clock menu more-arrow no yes

Filed under:

The Taliban may have seized biometric data that can ID US allies in Afghanistan

New, 17 comments

The data was used to track terrorists in Afghanistan, but civilians were in the system, too

US And Afghan Forces Man Border Crossing With Pakistan Photo by John Moore/Getty Images

The US military created a vast database of biometric data — one report suggests it had a goal of 25 million entries — as part of its effort to track terrorists in Afghanistan. Now that the US has withdrawn from the country, reports from The Intercept and Reuters suggest the Taliban could potentially use it to target allies left behind.

As The Intercept notes, the collection of biometric data was primarily billed as a military project, but Afghan civilians who worked for US embassies and the broader coalition government were reportedly also included in the database. The biometric information that could be on file for those people varies: the Handheld Interagency Identity Detection Equipment (HIIDE) used by the military collects everything from iris scans to fingerprints, along with identifying biographical information, according to the sources The Intercept spoke to. Those devices are now reportedly in the Taliban’s possession.

There’s some conflicting information on whether the Taliban can actually access and take action with the information that’s been collected, however. “The Taliban doesn’t have the gear to use the data,” a former Army Special Operations official told The Intercept. Accessing the biometric data that’s been collected might then fall to others, like Pakistan’s intelligence agency, Inter-Services Intelligence. According to Reuters, local reports said the Taliban has used government biometric data in the last five years to “target members of the security forces, checking their fingerprints against a database,” which only clouds things further.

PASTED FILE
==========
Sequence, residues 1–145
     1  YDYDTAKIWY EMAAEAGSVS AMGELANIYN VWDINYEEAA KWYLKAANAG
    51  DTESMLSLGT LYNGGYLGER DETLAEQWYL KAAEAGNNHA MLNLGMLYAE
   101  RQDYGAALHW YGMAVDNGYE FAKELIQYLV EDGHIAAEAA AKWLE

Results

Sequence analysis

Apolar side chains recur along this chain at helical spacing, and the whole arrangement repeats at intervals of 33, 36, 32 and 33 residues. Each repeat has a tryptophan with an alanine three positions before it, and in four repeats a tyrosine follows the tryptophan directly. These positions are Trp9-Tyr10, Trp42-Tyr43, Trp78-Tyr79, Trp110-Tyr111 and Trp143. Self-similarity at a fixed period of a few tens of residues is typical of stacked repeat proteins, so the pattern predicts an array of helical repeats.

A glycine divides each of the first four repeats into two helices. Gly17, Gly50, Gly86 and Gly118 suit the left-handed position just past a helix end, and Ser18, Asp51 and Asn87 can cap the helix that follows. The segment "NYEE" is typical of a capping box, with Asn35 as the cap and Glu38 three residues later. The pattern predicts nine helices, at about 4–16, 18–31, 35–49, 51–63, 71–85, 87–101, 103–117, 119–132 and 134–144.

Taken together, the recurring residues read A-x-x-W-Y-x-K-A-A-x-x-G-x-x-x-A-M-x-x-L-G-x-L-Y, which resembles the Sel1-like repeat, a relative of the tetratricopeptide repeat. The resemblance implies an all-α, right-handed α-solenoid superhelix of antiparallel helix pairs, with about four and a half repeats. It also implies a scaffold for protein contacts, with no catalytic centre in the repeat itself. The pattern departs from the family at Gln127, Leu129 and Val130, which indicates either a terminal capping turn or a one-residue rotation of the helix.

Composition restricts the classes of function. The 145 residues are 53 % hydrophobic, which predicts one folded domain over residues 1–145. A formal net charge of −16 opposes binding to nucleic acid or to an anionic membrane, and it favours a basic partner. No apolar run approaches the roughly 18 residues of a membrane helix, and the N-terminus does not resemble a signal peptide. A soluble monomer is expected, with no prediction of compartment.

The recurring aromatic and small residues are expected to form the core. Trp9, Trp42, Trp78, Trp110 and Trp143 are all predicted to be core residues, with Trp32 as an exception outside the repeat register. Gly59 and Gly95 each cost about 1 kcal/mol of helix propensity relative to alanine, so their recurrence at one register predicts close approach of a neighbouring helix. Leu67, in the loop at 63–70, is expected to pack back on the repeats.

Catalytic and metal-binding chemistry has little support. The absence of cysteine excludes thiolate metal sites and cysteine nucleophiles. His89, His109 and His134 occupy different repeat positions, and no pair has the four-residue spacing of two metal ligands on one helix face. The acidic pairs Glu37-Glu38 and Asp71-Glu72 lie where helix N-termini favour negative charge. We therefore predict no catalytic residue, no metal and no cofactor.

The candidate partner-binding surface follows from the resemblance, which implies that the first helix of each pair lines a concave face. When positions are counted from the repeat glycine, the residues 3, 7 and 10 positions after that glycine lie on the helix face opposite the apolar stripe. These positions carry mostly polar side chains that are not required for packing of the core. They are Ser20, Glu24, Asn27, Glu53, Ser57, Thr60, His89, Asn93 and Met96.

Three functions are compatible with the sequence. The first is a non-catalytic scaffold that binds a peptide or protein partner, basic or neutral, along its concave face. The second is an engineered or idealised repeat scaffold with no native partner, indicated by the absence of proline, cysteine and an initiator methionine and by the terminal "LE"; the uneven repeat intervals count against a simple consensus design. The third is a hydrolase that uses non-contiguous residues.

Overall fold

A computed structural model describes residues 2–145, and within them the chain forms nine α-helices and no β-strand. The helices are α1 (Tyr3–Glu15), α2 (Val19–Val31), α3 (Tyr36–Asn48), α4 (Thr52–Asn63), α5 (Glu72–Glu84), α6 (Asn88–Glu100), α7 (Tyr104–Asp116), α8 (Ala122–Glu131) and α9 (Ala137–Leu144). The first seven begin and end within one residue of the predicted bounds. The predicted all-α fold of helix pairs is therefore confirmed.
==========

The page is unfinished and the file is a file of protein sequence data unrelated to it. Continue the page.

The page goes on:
However urgent the immediate risk is, the possibility of widespread abuse of the collected data makes evading biometric scanning and securing civilians’ digital identities all the more important. Human rights organization Human Rights First has published guides on biometric recognition and protecting digital identities in English, Farsi, and Pashto that should be a good place to start.